The air has become hot and heavy, rainstorms are frequent and monster mosquitoes seem to be everywhere I go.  That  means the first semester has ended and two weeks of vacation are just around the corner.  As I look back on the past five months, I can’t decide if my first semester teaching in Korea flew by or dragged on at a snail’s pace.  There are times when it feels like only yesterday I stepped off that incredibly long flight on that bitterly cold day in Incheon, not having any idea what I was getting myself into.  Then there are times when it feels like I’ve been here forever.  Either way, I’ve learned a lot since arriving in February, both about myself and Korea.  Here are a few brief and random thoughts on the experience so far:

Living and working in Korea has been much more challenging than I’d anticipated.  So much so that I’ll admit there have been days I’ve wondered how I’ll make it through a year here.

This whole experience has been nothing like I imagined it would be.  It seems that all EFL teachers’ experiences here greatly differ depending on where they’ve been placed (big city versus rural town) and how they are treated by their school and co–teacher.  I have to remind myself not to compare my situation to those of others.  I’m where I am for a reason, and that reason may not have shown its face yet.

My co–teacher thinks I’m strange for not eating rice at least once per day, every single day.  However, I am suddenly finding that I miss it if I go several days without it.

I will never get used to having cockroaches as roommates.

My students get very excited when they see me outside of school (well, most of them anyway), and that makes me happy.

When I hear a Korean say maybe I now know that means yes.

I still need to work on not being a perfectionist.  I find myself not posting on this blog as often as I’d like because I’m worried about making each post perfect, and sometimes I just don’t have the energy for that after a long day at school.  Clearly, they’re not perfect anyway.  Nothing is so why worry about it?

The homesickness that I thought would go away after a month of arriving is still lingering, heavily.  I feel that has something to do with living in a small town, which can be quite isolating at times.  That being said, I still can’t say I would rather have been placed in a large city.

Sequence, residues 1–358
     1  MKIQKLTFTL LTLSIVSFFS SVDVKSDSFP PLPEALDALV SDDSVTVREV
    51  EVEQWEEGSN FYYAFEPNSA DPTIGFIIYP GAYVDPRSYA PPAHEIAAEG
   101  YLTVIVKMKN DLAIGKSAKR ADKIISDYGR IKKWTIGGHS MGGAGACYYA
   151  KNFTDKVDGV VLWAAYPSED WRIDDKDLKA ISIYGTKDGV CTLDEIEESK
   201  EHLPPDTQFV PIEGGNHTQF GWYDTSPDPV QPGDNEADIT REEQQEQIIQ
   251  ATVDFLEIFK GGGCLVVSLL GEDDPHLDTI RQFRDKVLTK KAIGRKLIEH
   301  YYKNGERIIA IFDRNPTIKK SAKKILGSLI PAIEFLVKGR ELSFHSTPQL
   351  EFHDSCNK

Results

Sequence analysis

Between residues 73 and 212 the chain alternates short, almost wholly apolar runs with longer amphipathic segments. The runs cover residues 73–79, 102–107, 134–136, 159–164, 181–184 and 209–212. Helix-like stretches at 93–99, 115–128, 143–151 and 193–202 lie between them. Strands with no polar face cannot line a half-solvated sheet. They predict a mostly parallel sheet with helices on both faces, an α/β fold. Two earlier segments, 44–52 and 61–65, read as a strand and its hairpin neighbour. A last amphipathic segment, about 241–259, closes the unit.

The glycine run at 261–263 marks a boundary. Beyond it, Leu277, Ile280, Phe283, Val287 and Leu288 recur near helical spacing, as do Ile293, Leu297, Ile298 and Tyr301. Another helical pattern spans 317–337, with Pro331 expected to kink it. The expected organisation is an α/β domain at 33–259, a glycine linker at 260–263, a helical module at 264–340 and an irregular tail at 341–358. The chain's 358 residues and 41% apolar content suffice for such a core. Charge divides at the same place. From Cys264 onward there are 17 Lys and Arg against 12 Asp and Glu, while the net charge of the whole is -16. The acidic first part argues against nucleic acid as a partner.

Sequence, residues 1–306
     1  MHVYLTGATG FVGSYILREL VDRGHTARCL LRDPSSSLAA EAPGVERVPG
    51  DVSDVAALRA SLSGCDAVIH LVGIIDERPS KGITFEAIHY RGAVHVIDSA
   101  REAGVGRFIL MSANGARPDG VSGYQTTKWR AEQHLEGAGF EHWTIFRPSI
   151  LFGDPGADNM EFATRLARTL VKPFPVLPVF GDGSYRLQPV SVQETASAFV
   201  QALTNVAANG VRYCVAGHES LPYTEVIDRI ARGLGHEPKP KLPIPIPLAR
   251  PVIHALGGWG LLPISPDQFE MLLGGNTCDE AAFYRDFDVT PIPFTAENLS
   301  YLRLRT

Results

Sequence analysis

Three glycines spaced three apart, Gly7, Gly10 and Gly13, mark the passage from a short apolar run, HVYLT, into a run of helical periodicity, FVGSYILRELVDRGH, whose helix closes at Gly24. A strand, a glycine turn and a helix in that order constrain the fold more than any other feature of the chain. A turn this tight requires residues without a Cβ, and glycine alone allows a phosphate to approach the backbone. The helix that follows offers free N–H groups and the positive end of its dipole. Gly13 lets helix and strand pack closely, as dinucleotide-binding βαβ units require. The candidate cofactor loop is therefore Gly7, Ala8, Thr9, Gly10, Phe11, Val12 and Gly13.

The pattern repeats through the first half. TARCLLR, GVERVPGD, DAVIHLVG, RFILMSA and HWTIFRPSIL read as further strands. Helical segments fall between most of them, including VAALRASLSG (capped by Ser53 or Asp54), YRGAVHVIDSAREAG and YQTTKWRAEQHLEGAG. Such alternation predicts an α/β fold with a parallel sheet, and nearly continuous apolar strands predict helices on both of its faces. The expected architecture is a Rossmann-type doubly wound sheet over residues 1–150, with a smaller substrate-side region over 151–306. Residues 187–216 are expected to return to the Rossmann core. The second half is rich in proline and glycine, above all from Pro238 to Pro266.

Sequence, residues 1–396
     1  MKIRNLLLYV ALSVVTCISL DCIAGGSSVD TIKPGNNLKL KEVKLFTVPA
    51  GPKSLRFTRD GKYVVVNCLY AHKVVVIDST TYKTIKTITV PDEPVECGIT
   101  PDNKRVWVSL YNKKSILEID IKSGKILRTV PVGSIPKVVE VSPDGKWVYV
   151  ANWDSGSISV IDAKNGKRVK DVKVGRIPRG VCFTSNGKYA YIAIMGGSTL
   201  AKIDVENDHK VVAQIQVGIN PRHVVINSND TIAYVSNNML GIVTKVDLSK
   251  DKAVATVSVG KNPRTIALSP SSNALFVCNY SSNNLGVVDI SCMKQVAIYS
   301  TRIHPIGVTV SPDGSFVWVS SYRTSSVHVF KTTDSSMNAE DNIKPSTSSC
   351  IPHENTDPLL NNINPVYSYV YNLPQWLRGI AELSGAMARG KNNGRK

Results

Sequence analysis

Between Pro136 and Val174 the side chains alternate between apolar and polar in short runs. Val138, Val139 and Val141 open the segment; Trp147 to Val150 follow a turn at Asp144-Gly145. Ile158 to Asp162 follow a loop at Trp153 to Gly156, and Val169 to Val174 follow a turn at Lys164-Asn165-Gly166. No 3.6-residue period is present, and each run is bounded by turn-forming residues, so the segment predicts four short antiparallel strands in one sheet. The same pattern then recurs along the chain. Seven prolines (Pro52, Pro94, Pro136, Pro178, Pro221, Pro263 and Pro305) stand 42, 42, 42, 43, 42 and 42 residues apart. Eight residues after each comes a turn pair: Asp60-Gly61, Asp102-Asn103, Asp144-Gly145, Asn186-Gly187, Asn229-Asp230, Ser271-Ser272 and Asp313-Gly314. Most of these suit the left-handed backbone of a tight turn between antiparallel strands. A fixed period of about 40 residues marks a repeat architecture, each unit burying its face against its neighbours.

Learning foreign languages is not my forte. I try to study at least a little Korean everyday, and it’s just not sticking (the speaking part, at least).  It’s amazing how much you can still manage to communicate with someone even if you don’t speak the same language, however.

I really do love kimchi.  I think I need to learn how to make it for when I return to the States.

That’s all for now.  This week and next I am busy teaching summer camp, which tends to be more relaxed than regular classes (more games and less grammar), and then I have a full two weeks off.  I am very excited, as David will be visiting from Denver and we’ll be exploring the eastern coast of South Korea, as well as Jeju Island.

I knew living and working in Korea for one year was not going to be easy, but there are times when I still automatically reach for the easiest, most comfortable route. When I was asked to go on an overnight trip with the staff at my school, I will admit I immediately tried to find a way out of it.  Staff dinners on a school night are one thing, but 2 days and one night with 26 Koreans who don’t speak English sounded a bit uncomfortable. I was wrong though. Despite the awkwardness, I did have fun and am happy I experienced the Korean version of team building.